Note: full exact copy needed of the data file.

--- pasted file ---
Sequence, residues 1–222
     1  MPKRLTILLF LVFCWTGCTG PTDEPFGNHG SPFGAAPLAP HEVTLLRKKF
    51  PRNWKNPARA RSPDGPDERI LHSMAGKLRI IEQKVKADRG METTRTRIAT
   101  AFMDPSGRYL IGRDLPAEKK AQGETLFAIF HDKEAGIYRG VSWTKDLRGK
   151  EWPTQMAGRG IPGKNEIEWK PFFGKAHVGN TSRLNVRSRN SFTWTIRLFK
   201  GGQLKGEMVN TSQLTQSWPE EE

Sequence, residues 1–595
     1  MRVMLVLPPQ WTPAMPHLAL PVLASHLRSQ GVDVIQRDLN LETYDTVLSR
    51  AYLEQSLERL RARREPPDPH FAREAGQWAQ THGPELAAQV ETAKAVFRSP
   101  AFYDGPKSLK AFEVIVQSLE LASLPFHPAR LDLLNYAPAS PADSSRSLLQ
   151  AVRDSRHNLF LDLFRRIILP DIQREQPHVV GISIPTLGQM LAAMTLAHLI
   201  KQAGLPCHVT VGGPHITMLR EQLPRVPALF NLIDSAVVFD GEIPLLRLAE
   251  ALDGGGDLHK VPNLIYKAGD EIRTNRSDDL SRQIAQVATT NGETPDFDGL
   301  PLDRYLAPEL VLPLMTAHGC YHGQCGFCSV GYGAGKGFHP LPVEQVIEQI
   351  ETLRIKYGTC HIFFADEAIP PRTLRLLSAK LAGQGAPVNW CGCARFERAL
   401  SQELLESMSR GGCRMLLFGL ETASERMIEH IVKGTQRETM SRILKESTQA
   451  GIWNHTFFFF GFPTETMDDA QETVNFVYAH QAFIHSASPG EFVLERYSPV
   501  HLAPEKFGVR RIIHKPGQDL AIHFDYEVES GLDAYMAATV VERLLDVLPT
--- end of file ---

Sequence, residues 1–222
     1  MPKRLTILLF LVFCWTGCTG PTDEPFGNHG SPFGAAPLAP HEVTLLRKKF
    51  PRNWKNPARA RSPDGPDERI LHSMAGKLRI IEQKVKADRG METTRTRIAT
   101  AFMDPSGRYL IGRDLPAEKK AQGETLFAIF HDKEAGIYRG VSWTKDLRGK
   151  EWPTQMAGRG IPGKNEIEWK PFFGKAHVGN TSRLNVRSRN SFTWTIRLFK
   201  GGQLKGEMVN TSQLTQSWPE EE

Sequence, residues 1–595
     1  MRVMLVLPPQ WTPAMPHLAL PVLASHLRSQ GVDVIQRDLN LETYDTVLSR
    51  AYLEQSLERL RARREPPDPH FAREAGQWAQ THGPELAAQV ETAKAVFRSP
   101  AFYDGPKSLK AFEVIVQSLE LASLPFHPAR LDLLNYAPAS PADSSRSLLQ
   151  AVRDSRHNLF LDLFRRIILP DIQREQPHVV GISIPTLGQM LAAMTLAHLI
   201  KQAGLPCHVT VGGPHITMLR EQLPRVPALF NLIDSAVVFD GEIPLLRLAE
   251  ALDGGGDLHK VPNLIYKAGD EIRTNRSDDL SRQIAQVATT NGETPDFDGL
   301  PLDRYLAPEL VLPLMTAHGC YHGQCGFCSV GYGAGKGFHP LPVEQVIEQI
   351  ETLRIKYGTC HIFFADEAIP PRTLRLLSAK LAGQGAPVNW CGCARFERAL
   401  SQELLESMSR GGCRMLLFGL ETASERMIEH IVKGTQRETM SRILKESTQA
   451  GIWNHTFFFF GFPTETMDDA QETVNFVYAH QAFIHSASPG EFVLERYSPV
   501  HLAPEKFGVR RIIHKPGQDL AIHFDYEVES GLDAYMAATV VERLLDVLPT